In discussions on the effects of climate change on coral reefs, the talk often turns to Australia's Great Barrier Reef (GBR), the world's largest barrier reef system. Some high-profile reports have forecast that, due to coral bleaching caused by climate change, the GBR could be severely threatened in coming decades. Most recently, a draft report by the Intergovernmental Panel on Climate Change - leaked to the media in January 2007 - said the GBR would become "functionally extinct" by 2050.
The initiative to plan and designate a network of MPAs along the coast of the US state of California has entered its second phase, following the announcement in February 2007 of a task force to oversee planning for the state's north central coast.
Due to an editorial error in our February 2007 issue, the feature "Informing stakeholders during a public planning process" misidentified the work affiliation of Tim Allen. He works for the Australian Government in its Natural Resource Management Division.
Public awareness plays a central role in the success of coastal and marine conservation. Where MPAs are effective, there is usually strong community understanding of the benefits that can come from resource protection. By educating stakeholders on these benefits, and by honestly acknowledging and addressing an MPA's potential costs, practitioners can build a base of public support for conservation. That support translates to stakeholder compliance with MPA regulations, and greater trust between site managers and the community.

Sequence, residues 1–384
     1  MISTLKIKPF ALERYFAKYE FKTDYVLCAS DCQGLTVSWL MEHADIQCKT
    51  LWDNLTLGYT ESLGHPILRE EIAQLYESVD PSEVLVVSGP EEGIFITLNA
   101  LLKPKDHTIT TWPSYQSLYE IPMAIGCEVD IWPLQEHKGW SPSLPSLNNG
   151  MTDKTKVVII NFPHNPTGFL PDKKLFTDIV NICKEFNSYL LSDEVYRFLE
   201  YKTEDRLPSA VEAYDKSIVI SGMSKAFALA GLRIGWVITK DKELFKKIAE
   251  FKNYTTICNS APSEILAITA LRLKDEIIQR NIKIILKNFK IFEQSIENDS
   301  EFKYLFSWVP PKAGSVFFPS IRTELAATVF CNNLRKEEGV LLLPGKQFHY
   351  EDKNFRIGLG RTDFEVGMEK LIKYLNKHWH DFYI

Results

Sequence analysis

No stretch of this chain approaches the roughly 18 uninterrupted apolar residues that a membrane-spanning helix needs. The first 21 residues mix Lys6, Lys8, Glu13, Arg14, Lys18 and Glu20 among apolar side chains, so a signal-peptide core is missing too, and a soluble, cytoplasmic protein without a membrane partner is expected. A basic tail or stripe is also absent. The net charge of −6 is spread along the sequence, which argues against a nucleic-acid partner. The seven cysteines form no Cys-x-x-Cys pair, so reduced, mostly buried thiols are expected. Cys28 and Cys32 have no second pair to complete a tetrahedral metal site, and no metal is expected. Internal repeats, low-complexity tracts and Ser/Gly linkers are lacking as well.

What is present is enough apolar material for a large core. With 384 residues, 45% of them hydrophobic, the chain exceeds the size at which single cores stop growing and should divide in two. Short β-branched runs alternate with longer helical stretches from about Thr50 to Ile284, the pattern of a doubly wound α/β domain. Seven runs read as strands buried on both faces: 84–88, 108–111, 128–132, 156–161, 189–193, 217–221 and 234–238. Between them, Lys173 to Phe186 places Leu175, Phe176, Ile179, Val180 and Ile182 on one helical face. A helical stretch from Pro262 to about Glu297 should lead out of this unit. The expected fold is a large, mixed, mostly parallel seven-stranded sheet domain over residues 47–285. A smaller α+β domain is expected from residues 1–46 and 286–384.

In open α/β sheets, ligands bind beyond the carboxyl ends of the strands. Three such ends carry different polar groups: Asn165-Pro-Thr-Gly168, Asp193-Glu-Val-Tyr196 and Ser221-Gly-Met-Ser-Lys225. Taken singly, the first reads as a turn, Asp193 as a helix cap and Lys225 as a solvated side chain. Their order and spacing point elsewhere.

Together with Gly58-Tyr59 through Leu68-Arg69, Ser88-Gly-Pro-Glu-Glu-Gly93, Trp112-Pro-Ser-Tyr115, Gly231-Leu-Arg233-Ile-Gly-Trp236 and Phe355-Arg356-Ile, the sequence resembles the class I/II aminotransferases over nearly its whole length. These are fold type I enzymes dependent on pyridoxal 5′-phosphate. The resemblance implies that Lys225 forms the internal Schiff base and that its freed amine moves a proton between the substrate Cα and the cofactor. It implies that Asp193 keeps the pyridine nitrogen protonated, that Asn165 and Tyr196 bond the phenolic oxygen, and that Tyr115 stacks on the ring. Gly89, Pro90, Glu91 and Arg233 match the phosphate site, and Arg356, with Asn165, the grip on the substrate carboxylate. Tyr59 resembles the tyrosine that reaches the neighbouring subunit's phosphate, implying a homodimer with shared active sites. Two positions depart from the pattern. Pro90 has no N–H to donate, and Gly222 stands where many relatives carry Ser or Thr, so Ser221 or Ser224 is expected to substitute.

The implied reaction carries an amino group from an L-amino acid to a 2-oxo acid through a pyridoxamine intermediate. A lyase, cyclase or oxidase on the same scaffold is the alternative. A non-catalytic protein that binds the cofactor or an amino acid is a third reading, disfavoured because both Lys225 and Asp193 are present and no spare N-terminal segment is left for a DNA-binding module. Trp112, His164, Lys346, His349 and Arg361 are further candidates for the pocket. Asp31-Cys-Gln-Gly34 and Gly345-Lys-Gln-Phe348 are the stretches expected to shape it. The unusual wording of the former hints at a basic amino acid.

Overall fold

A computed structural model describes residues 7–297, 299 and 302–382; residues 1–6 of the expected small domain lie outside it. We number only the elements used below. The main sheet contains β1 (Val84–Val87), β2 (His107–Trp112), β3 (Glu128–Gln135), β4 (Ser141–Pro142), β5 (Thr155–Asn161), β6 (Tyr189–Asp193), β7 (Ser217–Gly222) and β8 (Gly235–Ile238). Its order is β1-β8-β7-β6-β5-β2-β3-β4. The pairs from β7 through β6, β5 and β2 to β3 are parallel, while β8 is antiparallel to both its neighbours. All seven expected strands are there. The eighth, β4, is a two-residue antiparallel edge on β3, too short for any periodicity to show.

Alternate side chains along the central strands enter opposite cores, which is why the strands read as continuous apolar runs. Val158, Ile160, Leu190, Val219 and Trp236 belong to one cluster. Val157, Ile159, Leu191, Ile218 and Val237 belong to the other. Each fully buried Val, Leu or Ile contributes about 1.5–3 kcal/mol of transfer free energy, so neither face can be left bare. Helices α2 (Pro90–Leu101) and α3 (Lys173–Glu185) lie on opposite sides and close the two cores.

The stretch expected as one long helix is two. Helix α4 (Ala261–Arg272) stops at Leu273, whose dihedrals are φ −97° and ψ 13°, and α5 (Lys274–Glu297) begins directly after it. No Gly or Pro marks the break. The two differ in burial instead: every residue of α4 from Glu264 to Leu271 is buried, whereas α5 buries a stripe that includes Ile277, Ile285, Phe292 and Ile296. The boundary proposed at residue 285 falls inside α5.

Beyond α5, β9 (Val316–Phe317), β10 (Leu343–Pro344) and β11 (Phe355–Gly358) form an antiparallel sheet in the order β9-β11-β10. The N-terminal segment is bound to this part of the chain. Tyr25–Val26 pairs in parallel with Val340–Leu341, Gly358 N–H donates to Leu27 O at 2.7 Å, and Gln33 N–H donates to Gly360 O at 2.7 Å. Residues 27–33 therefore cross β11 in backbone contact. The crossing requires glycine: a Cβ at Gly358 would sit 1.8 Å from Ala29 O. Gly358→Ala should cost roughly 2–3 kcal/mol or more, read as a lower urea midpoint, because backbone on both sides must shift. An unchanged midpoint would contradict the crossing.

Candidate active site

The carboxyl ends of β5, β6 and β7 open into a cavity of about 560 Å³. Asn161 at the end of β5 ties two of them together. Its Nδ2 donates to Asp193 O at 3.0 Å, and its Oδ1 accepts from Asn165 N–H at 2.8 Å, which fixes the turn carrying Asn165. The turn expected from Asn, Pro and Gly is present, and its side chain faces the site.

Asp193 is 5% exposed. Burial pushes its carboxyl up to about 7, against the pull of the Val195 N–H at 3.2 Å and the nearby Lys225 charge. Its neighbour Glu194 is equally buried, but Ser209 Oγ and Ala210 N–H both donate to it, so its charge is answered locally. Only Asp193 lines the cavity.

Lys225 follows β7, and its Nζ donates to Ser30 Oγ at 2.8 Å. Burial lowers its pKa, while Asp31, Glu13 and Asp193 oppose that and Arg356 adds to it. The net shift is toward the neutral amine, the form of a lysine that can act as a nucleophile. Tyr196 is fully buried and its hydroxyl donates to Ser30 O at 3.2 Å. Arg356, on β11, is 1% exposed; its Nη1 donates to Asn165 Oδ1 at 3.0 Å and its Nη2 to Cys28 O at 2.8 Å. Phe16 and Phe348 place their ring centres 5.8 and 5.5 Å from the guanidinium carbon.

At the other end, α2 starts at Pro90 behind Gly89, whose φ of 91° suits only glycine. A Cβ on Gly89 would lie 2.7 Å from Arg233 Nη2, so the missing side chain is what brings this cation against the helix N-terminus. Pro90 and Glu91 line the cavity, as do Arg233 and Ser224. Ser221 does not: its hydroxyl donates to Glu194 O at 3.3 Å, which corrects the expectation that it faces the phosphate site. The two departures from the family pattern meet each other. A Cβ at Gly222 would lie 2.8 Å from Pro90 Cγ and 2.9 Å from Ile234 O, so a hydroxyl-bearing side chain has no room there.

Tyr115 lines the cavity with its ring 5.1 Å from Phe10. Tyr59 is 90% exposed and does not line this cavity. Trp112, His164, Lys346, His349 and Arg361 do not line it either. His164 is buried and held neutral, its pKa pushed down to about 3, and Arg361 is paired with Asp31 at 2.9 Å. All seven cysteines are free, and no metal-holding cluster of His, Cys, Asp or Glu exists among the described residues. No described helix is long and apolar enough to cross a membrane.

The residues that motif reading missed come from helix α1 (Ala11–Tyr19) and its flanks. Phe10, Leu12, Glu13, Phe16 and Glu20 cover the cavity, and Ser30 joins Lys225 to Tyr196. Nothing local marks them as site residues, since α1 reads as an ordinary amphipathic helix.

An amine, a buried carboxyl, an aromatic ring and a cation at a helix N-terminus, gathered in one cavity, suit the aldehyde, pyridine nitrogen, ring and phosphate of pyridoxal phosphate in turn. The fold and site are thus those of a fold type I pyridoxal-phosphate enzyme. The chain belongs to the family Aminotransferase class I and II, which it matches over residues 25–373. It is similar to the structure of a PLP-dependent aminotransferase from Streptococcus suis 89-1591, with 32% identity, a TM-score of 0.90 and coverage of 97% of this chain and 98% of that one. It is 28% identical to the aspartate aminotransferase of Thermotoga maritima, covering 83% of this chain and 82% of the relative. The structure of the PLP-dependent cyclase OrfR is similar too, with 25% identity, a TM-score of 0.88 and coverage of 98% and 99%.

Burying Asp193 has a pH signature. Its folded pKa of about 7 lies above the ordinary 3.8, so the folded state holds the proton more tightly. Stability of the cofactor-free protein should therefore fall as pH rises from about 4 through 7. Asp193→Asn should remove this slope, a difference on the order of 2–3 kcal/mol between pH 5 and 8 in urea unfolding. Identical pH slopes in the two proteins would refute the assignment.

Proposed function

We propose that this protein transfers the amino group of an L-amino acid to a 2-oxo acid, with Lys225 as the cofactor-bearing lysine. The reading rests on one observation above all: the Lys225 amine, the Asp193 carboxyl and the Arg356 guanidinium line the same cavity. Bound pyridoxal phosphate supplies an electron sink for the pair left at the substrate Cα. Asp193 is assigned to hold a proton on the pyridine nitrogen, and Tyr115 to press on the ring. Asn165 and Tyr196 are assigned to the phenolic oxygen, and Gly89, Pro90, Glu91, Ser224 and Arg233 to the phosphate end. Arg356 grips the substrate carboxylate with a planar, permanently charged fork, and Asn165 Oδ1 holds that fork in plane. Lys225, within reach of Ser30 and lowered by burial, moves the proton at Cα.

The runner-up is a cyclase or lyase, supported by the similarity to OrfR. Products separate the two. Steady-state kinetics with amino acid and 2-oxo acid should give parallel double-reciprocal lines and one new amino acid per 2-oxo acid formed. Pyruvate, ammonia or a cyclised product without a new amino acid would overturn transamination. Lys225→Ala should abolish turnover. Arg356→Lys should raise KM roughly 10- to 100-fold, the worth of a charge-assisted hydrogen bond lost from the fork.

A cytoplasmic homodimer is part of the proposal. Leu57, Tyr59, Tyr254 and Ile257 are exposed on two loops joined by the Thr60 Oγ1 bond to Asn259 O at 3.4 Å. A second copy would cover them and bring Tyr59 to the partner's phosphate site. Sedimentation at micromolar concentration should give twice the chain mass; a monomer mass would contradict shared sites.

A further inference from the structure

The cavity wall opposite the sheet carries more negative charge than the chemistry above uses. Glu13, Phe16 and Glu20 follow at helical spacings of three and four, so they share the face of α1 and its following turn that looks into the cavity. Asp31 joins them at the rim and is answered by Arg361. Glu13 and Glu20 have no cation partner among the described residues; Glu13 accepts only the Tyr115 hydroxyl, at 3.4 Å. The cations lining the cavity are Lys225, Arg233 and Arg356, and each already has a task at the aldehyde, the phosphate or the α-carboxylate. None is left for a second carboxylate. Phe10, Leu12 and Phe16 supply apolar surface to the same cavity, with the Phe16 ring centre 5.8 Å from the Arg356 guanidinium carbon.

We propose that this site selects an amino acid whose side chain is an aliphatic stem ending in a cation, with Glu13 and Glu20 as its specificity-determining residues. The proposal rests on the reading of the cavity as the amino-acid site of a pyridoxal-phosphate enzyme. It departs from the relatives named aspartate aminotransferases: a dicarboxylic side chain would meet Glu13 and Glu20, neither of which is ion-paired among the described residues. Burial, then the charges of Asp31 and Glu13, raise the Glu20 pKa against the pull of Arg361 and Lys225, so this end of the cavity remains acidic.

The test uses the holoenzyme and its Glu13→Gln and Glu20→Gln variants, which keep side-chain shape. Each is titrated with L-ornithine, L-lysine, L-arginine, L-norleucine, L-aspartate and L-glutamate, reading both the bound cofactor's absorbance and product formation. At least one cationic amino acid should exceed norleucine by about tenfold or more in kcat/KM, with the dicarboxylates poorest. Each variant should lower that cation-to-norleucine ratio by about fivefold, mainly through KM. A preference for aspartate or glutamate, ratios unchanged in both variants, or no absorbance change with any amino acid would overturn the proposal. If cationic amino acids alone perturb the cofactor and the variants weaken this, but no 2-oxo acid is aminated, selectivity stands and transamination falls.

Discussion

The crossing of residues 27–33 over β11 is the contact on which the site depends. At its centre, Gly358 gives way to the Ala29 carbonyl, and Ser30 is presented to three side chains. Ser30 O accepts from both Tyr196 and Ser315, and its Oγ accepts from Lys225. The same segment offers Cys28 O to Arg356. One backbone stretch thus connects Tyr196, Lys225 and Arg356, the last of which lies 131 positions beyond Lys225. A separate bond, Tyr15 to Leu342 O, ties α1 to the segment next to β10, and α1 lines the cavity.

Editor's note: Leon Roskilly is national coordinator of the Sea Anglers' Conservation Network (SACN), a UK-based organization committed to sustainable recreational fishing. He adapted the following essay from a longer article of his, "Marine Protected Areas and Angling - A Discussion Document", posted on the SACN website in November 2006 (http://www.sacn.org.uk/Articles/Marine_Protected_Areas_and_Angling.html).
By Leon Roskilly
Scientific consensus: sea level could rise half a meter this century
The oceans offer increasing evidence that global climate change is underway. Sea surface temperature is rising, while polar sea-ice is retreating. Coral reefs are suffering from severe bleaching events. Amid these and other phenomena - as well as the growing number of disturbing scientific forecasts on the effects of climate change on marine systems - MPA practitioners may feel somewhat helpless. Already faced with the day-to-day challenges of MPA management, many practitioners are simply not addressing the long-term issue of climate change in a focused, meaningful way.
Editor's note: Rebecca Koss, with The People and Parks Foundation, is project officer for Sea Search, the program described in the following essay. Anthony Boxshall is manager of marine national parks research for Parks Victoria. Peter R. Brown is chief executive officer of The People and Parks Foundation.
By Rebecca Koss, Anthony Boxshall, and Peter Brown
The October 2006 edition of MPA News featured an article on the role of MPAs in ecosystem-based management (EBM), and vice versa. We invited readers to participate in a short online poll on the subject, with the goal of measuring baseline attitudes on the relationship between these management measures.